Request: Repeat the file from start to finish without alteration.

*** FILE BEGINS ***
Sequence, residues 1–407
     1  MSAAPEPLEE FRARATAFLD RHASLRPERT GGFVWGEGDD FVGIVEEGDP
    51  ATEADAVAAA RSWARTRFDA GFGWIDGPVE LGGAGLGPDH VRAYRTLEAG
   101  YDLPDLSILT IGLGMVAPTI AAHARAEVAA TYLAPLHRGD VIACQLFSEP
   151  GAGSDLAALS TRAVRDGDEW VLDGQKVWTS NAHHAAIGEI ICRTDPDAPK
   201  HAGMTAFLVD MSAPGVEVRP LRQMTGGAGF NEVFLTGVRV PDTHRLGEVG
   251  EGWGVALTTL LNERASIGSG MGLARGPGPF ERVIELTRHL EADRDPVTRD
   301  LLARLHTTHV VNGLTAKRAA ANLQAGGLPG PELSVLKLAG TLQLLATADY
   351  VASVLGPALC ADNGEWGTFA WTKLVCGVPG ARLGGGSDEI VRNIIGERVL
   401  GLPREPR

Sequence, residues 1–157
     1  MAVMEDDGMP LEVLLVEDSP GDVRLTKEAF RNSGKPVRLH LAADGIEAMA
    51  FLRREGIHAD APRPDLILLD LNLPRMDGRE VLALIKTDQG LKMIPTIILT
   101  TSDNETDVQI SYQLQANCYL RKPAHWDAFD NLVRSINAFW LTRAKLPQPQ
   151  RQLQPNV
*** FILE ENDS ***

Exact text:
Sequence, residues 1–407
     1  MSAAPEPLEE FRARATAFLD RHASLRPERT GGFVWGEGDD FVGIVEEGDP
    51  ATEADAVAAA RSWARTRFDA GFGWIDGPVE LGGAGLGPDH VRAYRTLEAG
   101  YDLPDLSILT IGLGMVAPTI AAHARAEVAA TYLAPLHRGD VIACQLFSEP
   151  GAGSDLAALS TRAVRDGDEW VLDGQKVWTS NAHHAAIGEI ICRTDPDAPK
   201  HAGMTAFLVD MSAPGVEVRP LRQMTGGAGF NEVFLTGVRV PDTHRLGEVG
   251  EGWGVALTTL LNERASIGSG MGLARGPGPF ERVIELTRHL EADRDPVTRD
   301  LLARLHTTHV VNGLTAKRAA ANLQAGGLPG PELSVLKLAG TLQLLATADY
   351  VASVLGPALC ADNGEWGTFA WTKLVCGVPG ARLGGGSDEI VRNIIGERVL
   401  GLPREPR

Sequence, residues 1–157
     1  MAVMEDDGMP LEVLLVEDSP GDVRLTKEAF RNSGKPVRLH LAADGIEAMA
    51  FLRREGIHAD APRPDLILLD LNLPRMDGRE VLALIKTDQG LKMIPTIILT
   101  TSDNETDVQI SYQLQANCYL RKPAHWDAFD NLVRSINAFW LTRAKLPQPQ
   151  RQLQPNV